Written by Woody Allen
Directed by Woody Allen
It has been a long while since Woody Allen has been a reliably strong filmmaker in spite of his yearly output of festival fodder. Midnight in Paris remains lightweight and cannot hold a candle to his best work of the last ten years, Vicky Christina Barcelona, but it still stands out as his first successful fantasy/comedy in several decades. The film has its laughs and Allen lovingly brings to life the creative world of the 1920s. At times, empty name-dropping becomes far too central to this universe, occasionally playing into the cringe-worthy elitism espoused by the film’s characters in their least desirable moments. At times this forces us to question the validity of this broken space-time continuum, where cynicism is lovingly broken by moments of inspired wisdom from familiar historical figures.
The film excels when we enter the tortured psyches of the recreated figures of the past, not because of the strength of the overlying message about appreciating the present, which feels ultimately forced and silly, but because it reveals the complexity of the creative process and the seemingly indecipherable ebbs and flows of romantic relationships. Both Gertrude Stein and Ernest Hemingway stand out as being the most fully represented 1920s figures, and are depicted initially as caricatures which fade away as the heart of their craft is revealed. Allen very spiritually pinpoints the core of this era, singling out not Paris or the 1920s in particular as the motivating factor of this highly artistic movement but rather the free-flowing of ideas and the working towards the future. Being guarded and insulated does no good in this world, and it is only through open communication that any of these artists are able to thrive.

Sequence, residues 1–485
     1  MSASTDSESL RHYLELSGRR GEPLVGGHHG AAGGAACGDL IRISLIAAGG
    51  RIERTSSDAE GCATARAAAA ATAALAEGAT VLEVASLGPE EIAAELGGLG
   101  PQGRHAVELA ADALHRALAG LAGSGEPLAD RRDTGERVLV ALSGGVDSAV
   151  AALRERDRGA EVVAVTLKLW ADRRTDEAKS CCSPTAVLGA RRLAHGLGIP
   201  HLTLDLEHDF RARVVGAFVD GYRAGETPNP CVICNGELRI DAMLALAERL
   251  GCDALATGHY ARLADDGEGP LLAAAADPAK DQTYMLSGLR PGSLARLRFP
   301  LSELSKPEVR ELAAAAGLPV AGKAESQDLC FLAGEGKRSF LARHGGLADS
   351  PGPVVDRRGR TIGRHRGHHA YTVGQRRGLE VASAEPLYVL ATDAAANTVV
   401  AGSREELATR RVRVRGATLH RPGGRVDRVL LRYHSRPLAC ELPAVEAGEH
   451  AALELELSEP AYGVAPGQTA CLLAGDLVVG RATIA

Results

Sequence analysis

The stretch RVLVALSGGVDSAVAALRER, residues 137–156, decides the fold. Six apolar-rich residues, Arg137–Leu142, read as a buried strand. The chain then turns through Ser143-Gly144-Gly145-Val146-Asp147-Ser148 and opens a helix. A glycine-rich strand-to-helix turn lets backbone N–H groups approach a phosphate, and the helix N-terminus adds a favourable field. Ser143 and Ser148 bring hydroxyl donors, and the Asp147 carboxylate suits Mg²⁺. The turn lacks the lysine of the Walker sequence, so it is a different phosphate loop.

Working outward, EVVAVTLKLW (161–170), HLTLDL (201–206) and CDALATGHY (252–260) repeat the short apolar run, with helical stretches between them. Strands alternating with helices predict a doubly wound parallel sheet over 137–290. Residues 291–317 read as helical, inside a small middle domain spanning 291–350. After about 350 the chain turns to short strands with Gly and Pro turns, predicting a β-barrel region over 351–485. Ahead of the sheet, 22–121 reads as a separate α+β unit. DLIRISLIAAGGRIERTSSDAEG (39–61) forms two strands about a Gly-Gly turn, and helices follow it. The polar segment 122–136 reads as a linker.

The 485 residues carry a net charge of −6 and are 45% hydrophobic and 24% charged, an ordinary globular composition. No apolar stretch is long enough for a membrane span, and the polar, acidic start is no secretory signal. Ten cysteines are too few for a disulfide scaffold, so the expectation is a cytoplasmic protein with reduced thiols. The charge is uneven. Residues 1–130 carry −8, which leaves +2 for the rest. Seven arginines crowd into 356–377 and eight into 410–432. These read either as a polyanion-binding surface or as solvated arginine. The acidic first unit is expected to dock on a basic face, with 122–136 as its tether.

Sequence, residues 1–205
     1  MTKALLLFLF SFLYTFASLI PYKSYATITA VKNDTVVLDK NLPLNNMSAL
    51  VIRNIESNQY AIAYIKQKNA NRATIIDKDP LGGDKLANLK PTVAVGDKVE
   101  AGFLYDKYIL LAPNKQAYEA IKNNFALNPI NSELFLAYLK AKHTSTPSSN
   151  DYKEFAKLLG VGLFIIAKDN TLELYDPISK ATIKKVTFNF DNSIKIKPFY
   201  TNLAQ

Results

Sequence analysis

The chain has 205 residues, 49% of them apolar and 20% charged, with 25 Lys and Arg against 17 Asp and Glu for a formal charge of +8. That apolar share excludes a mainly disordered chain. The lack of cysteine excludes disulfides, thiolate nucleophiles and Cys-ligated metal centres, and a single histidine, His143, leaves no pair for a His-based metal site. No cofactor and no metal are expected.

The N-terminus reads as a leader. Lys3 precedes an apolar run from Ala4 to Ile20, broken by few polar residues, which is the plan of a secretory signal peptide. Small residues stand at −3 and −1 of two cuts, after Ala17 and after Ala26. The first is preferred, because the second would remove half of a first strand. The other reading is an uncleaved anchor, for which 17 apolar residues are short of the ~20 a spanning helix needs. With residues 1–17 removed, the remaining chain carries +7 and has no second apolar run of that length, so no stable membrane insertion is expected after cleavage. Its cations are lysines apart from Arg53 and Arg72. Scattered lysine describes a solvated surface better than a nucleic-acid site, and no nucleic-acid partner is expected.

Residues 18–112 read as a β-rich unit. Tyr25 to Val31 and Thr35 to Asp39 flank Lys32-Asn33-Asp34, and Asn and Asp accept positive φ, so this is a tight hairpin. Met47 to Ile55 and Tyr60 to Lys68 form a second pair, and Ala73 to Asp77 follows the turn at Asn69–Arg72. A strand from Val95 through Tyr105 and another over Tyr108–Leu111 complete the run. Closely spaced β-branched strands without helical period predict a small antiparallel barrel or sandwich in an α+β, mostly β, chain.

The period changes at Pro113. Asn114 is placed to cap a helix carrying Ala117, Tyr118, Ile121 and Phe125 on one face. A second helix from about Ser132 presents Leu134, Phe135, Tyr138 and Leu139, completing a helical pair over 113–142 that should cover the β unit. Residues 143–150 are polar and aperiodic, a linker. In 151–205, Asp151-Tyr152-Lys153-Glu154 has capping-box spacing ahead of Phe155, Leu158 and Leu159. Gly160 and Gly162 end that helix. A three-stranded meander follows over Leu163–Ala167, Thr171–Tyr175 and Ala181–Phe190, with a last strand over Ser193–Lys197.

This is unfortunately contradicted in the poorly realized recreation of La Belle Epoque, where three of the grandes-artistes of that era are faintly drawn, painted only as mouthpieces for the film’s ideology. In spite of the grand spectacle of the can-can and the candle-lit theatres, there is no magic, and as an audience we can only hold onto Gauguin’s wandering eyes as he seizes up a new female object.
Owen Wilson seems to be the most appropriate Allen stand-in for a very long time. He is neurotic without being particularly awkward or a simple mimicry of the real thing. We understand his motives and are allowed to empathize with him. The film also demands we be critical of his behavior and thought process, despite his status as our hero, because the nature of his evolution necessitates a clear understanding of him as highly flawed. Especially as presented as a romantic rival to Micheal Sheen’s smarmy intellectual, his humility feels genuine and endearing.
The film is successful as an engaging portrait of the creative process, especially as it competes and is similarly grounded by our longing for love and affection. Dream, fantasy or nightmare, they are all brought together by a consistent pursuit of communication with the world around us. As Owen Wilson struggles to find his voice, he is similarly struggling on other fronts, searching for meaning in a seemingly endless sham of an engagement and self-confidence. Midnight in Paris has moments of pure inspiration, some lifted off the pages of the greatest artists of the 20th century, others blissful revelations in the beauty of the human spirit. Allen delivers what is one of his most optimistic films in many years and it is a wonderful love song to one of the greatest cities, eras, and that noblest pursuit of the human spirit.